The actress believes both Russian and Chinese audiences would find the film interesting. “I think moviegoers in both countries will love it. This is the first joint production of Russia and China; plus, there are both martial arts and beautiful legends, which I think many will appreciate”, she says.
One of the film's key features is the kung fu scenes, with Russian stuntmen mastering the ancient Chinese art right on the set. This is where the Chinese stuntmen from JCE come in. “They are professionals, and some of the best in fact,” says Alexey Petrukhin. “They have contributed massively in the movie. We don't even try to do anything special ourselves, because in this particular case, we have nothing that would impress them much.”
The Man in the Iron Mask was the name attributed to a mysterious prisoner held in the Bastille. His real name is unknown, and his very existence is unconfirmed. According to one legend, the prisoner was a noble who bore a strong resemblance to a member of the court of Louis XIV of France, and thus was forced to wear an iron mask to hide his features.
The lead Russian stuntman Alexander Solovyev says his team uses the occasion to expand their horizons. “Fights like that are something you don't usually see in our movies, so we can learn a lot of new tricks”, he explains.
Yao Xingtong also appreciates the professionalism of Jackie Chan's stuntmen: “It is my second time working with He Jun and his team, and they really are experts in their field. In fact, I think that they are some of the best kung fu fight choreographers in all of China”.
Director Oleg Stepchenko admits the Chinese are the undisputed masters in the kung fu department, but insists the Russians could in turn teach them a thing or two about acting. “In China, there are no acting schools that could rival our VGIK (Gerasimov Institute of Cinematography) or Boris Shchukin Institute,” Stepchenko says. “Their ways of acting are completely different, so I think they will find the occasion useful in that respect.”
Fight choreographer He Jun is inclined to agree with Stepchenko. “Everyone we work with here knows their job perfectly, and everyone has their own special style. We have also learned much during the filming”, he says.
Not getting lost in translation
As for understanding each other on the sets, both Russian and Chinese actors and directors are sure that the language barrier would not be an obstacle for cinema. In the course of the production all the members of both crews managed to find a common language and are now mostly able to communicate without interpreters.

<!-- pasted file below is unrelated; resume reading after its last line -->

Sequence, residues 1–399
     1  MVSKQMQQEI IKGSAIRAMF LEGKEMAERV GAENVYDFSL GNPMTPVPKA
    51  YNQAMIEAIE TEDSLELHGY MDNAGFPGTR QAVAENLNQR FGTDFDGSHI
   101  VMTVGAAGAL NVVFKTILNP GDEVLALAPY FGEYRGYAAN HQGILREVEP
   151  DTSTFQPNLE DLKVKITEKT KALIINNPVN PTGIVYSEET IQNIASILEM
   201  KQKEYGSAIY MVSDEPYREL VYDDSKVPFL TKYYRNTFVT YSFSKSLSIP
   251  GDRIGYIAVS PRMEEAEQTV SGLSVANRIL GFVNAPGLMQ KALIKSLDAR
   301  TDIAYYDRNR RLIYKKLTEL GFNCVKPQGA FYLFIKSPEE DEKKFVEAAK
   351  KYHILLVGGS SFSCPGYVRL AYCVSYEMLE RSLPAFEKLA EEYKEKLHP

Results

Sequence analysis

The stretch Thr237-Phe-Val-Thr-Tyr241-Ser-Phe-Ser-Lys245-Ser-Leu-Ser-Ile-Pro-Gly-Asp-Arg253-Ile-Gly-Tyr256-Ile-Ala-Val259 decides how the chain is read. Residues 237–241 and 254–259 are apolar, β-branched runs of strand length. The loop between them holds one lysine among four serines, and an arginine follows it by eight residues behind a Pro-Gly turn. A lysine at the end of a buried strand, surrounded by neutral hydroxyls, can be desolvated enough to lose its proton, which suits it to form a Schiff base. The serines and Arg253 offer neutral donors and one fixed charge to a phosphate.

“We always use at least three languages when filming. Most of the time we don't even need interpreters at all. Cinema is all about emotion, and this is what unites us”, says Alexey Petrukhin.
Viy 3D. Movie shooting. Source: Press photo
“We do have some language difficulties from time to time, and it is sometimes hard to communicate, but we don't always have to speak – we use the language of cinema,” confirms He Jun.
Judging by the atmosphere that reigns on the set, everyone is enthusiastic about the production, and the crewmembers have become good friends.
“The guys from Russian crew are professionals, and they love their job. They have a very different mindset, but they are very kind and friendly. They also work very thoroughly, and working with them feels great”, says Yao Xingtong.
“It is the first time we visit Russia, and there are a lot of things we just don't know. These guys are really helpful”, He Jun adds.
After having wrapped up filming in Moscow, the united crew went to Tunisia to continue the production. The shooting will go on in China this summer. The release is expected in the autumn of 2016. The producers hope that the film will be released simultaneously in Russia and China.